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Google Stackdriver enhances alerts, adds Kubernetes support

A recent round of updates to Google's monitoring tool gives IT and development teams more options to set up alerts, track usage and support Kubernetes, both in the cloud and on premises.

Google continues to update its Stackdriver application monitoring and debugging service, with additional features, UI enhancements and adjustments to its pricing model. These changes are frequent and sporadic, so it's often difficult to keep up.

To stay in the loop, here's a look at some recent updates to Google Stackdriver, and how they might affect your cloud deployment.

Extended features for alerts

Monitoring tools are only as good as their ability to automate critical tasks, such as sending alerts when metrics exceed predefined limits. Google Stackdriver always had basic alerting features but, recently, it added a programmatic interface to manage and automate alert policies. The Stackdriver Monitoring v3 API includes more than 900 Monitoring metrics that span both Google Cloud Platform (GCP) and AWS. Admins can use this API and metrics in three ways:

  • via calls using client libraries for Java or C#;
  • directly, via the REST API, which supports both GRPC -- an open source remote procedure call framework -- and HTTP, using JavaScript Object Notation syntax; and
  • using the Gcloud command-line interface and the Google Cloud SDK.

Regardless of the technique, programmatic management of Stackdriver alerts can automate repetitive or error-prone tasks, such as cloning policies and notification channels from one project to another or across product, test and development environments. In addition, teams can use the API to create more detailed alert policies that are tailored to different parts of an application. This increases the accuracy and granularity of monitoring alerts, and also minimizes false positives and negatives.

Some Google Stackdriver users might not want to take the time to learn the monitoring API, or want to quickly experiment with alert conditions before they settle on the best set. These users might prefer the recently introduced UI, based on Stackdriver Metrics Explorer, which enables users to create and edit metric threshold conditions for alert policies without programming.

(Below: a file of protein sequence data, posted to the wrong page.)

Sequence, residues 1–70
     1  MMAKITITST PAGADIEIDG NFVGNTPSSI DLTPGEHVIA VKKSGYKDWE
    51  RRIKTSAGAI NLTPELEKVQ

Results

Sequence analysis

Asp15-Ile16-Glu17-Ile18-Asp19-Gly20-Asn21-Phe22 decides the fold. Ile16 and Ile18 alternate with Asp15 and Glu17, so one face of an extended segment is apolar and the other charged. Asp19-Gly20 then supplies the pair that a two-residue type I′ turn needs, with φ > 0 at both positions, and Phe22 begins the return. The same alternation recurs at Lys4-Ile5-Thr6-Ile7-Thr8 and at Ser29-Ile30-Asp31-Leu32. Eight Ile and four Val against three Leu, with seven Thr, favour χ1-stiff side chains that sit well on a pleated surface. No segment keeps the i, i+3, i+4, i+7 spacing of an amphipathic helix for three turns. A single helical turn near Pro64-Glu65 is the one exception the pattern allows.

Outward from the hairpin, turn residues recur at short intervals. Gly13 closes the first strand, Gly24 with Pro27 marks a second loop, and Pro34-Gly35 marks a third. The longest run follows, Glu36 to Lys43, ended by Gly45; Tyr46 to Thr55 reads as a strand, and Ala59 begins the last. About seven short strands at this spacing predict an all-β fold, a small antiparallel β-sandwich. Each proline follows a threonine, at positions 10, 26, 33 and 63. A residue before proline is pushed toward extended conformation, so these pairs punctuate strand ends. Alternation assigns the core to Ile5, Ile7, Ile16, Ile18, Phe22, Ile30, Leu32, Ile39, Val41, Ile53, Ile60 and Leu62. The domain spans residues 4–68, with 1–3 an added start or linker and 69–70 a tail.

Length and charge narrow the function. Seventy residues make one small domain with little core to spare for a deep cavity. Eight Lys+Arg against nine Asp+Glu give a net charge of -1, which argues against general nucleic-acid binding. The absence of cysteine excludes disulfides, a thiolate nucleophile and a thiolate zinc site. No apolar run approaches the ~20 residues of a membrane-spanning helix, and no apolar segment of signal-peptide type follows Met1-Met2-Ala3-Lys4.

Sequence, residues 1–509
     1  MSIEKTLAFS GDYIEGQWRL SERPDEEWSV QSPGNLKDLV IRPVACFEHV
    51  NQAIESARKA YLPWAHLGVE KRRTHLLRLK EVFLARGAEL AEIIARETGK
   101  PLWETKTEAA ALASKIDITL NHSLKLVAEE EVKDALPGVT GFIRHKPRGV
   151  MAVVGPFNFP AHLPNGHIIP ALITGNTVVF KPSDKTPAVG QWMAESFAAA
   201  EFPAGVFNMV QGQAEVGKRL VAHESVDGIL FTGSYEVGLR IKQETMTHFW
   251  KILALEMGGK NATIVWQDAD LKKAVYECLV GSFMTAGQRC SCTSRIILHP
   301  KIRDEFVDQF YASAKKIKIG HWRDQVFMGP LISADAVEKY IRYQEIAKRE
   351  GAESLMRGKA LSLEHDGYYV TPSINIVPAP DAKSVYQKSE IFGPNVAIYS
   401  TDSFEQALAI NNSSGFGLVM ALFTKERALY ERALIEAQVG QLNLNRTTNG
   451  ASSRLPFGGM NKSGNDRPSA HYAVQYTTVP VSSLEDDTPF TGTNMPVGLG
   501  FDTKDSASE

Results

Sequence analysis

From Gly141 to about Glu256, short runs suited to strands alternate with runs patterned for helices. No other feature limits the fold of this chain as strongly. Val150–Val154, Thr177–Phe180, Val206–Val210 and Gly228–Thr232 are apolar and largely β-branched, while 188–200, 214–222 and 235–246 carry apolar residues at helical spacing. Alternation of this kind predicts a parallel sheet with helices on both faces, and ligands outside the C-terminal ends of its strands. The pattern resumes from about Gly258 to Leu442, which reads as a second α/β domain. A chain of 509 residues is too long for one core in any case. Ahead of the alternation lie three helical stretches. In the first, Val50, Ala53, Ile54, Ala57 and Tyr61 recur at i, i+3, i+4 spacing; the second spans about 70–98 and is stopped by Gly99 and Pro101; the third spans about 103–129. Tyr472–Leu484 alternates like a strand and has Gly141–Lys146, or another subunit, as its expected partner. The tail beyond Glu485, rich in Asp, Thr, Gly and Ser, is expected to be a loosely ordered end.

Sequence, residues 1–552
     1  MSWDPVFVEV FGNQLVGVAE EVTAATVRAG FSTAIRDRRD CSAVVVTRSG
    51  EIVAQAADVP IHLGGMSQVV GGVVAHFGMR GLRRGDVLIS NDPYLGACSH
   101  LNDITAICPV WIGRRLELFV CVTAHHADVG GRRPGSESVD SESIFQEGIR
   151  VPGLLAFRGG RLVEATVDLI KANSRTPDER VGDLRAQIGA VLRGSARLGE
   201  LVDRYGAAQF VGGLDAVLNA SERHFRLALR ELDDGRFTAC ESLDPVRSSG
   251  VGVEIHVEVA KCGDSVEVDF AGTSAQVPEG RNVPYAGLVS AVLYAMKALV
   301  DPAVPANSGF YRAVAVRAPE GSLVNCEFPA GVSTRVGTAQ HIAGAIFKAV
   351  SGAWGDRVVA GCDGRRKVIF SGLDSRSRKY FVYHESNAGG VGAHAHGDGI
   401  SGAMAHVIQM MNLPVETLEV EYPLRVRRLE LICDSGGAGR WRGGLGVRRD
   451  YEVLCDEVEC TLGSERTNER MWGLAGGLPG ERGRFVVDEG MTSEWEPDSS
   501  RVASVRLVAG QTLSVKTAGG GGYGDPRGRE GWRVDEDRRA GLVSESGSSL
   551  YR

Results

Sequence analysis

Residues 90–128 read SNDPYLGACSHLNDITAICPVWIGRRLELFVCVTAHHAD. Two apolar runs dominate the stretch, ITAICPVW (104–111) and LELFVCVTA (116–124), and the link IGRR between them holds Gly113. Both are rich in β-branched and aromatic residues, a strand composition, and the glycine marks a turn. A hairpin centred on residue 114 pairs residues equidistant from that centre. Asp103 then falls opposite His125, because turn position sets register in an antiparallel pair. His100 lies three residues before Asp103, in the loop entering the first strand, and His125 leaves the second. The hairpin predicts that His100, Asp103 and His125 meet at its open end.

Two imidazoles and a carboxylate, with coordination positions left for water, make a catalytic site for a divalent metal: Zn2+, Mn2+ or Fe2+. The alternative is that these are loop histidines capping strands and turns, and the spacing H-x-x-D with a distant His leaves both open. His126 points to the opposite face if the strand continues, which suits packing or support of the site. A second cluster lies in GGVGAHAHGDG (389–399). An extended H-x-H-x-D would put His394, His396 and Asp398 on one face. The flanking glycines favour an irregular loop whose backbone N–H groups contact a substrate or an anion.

The UI includes an alert condition editor, with options based on metric conditions, as well as basic and advanced resource health. Each condition, such as Google Compute Engine VM CPU utilization, has a target selector that provides control over the metric limits that trigger an alert.

The alerting UI provides an interface that does the following:

  • describes up to six conditions that will trigger an alert;
  • edits metric threshold conditions, including those created via the API;
  • sets up notification channels, such as SMS, Slack or the Google Cloud Console mobile app;
  • adds documentation to assist with troubleshooting; and
  • names the policy to simplify policy management in an account or project.

Container and app performance monitoring

In response to container adoption, Google Stackdriver now includes Kubernetes support. The feature aggregates logs and metrics from Kubernetes environments, including those on GCP, another cloud or a private cluster. It can also ingest metrics from Prometheus, an open source monitoring and alerting system, which is popular with container developers.

Google Stackdriver monitoring is now built into Google Kubernetes Engine (GKE), a containers-as-a-service product, and requires no additional user configuration. With support for Kubernetes implementation across multiple platforms, Stackdriver provides a unified dashboard of performance and usage metrics across multiple clusters. Kubernetes support also extends to other Stackdriver features, such as log management analysis and tracing.

Effect on non-GCP users

Before the Google acquisition, Stackdriver targeted AWS users. The tool, including its latest features, works with GCP, as well as other cloud and on-premises environments -- and there are no pricing differences. However, AWS users will likely generate data transfer costs for information sent to Stackdriver. To reduce these costs, AWS users that heavily employ Stackdriver, particularly for log management and analysis, might be compelled to use native GCP services, such as Google Cloud Storage and BigQuery, to archive and analyze log data.

For application performance monitoring, Google added Stackdriver Profiler, a tool that enables developers to see how code executes in production environments. The profiler continually samples CPU and memory usage metrics, and summarizes resource consumption by function, to help developers understand the execution paths that have performance bottlenecks or consume the most resources. The profiler also integrates with GitHub and the Stackdriver Debugger and, like other Stackdriver tools, it works with applications on any VM or container platform, GCP, other clouds and on-premises environments.

Updated pricing model and usage metrics

In June 2018, Google changed Stackdriver pricing to a consumption-based model that covers all of its features and eliminates the previous premium pricing tier. Pricing is generally based on data or API usage and includes a free tier for each feature.

Enterprises can also optimize cost management with new cost metrics and analysis tools, and view usage data via the GCP billing console, the Stackdriver console or via the API and Metrics Explorer. Admins can choose to report and summarize usage by user accounts or stock-keeping unit, or use the Metrics Explorer to filter by resource type, project or metric category.

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